One of the main achievements of the last decade has been shifting the narrative from corporate social responsibility to business and human rights.
UNDP Business and Human Rights Unit hosted the third B+HR Lab on October 31st, 2019 in Bangkok, Thailand. The theme of the event was Testing Assumptions.
About 40 partners took part in the event, including representatives from UN agencies, donors and civil society organizations. Since 2017, UNDP meets annually with partners invested in the business and human rights agenda to discuss priority topic areas and related challenges. These meetings have been organized in a Lab-inspired format to provide a platform for all organizations to discuss, share knowledge and identify areas of collaboration.
At this third B+HR Lab, participants engaged in conversations with media experts, experienced human rights advocates and business consultants to test assumptions about progress on business and human rights, uncover gaps in knowledge, and clarify trends. The experts included Phil Robertson (Human Rights Watch), Elaine Kurtenbach (The Associated Press), Nanticha Lynn Ocharoenchai (Climate Strike Thailand), Alex Capri (National University of Singapore), Dr. Usha Ramanathan (Legal Researcher and Analyst), and Nick Wood (FTI Consulting).
The agenda of the day was divided into three parts. Part one, Baselines, provided perspectives on the political dynamics in the region related to business and human rights. While providing a baseline understanding, experts outlined trends to watch for in the coming years, such as the need for protecting human rights defenders. Part two, Catalysts, included a discussion on what motivates governments and businesses to change their policies, operations, and attitudes, and how that connects to our current approaches to work. This was followed by a co-creation activity where participants came up with possible advocacy projects addressing climate change. Part three, Analysis, focused on recommendations for the future work on the business and human rights in the region, especially in lieu of the upcoming Regional Business and Human Rights Forums, to happen in 2020.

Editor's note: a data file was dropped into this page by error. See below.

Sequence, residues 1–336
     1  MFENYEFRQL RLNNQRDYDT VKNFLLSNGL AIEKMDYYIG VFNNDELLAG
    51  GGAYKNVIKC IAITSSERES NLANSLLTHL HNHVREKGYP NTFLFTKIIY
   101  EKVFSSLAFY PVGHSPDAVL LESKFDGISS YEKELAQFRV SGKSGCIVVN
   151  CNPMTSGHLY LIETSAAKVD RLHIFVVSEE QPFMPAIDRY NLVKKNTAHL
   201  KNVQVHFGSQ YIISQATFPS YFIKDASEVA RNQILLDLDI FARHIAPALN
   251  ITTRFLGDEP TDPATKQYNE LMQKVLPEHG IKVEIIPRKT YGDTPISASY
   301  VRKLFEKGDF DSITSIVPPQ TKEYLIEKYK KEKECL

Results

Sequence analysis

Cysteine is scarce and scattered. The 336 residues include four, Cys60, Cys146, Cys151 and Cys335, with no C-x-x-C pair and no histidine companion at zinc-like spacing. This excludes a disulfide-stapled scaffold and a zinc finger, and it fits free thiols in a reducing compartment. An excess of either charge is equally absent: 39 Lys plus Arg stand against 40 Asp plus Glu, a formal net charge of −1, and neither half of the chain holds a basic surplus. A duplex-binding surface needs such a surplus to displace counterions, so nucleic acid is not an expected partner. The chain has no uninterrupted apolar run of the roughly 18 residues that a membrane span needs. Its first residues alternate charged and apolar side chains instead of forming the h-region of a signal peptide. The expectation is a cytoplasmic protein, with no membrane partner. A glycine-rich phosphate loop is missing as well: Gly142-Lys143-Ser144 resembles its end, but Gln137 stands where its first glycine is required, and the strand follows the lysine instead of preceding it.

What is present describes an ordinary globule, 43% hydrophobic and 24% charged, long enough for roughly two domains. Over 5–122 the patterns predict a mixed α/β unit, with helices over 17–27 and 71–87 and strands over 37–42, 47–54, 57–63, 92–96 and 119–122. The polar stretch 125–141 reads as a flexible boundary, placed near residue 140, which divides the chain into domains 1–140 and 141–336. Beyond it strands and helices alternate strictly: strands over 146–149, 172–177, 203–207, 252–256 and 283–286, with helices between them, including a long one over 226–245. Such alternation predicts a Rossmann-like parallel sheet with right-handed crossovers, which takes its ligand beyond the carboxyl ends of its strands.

The lively discussions and concepts produced indicate the enormous potential for partnerships and knowledge-sharing. From women’s and children’s rights to the environment, rights of migrant workers and decent work for all, there are many areas where we can collectively move the needle on business and human rights.
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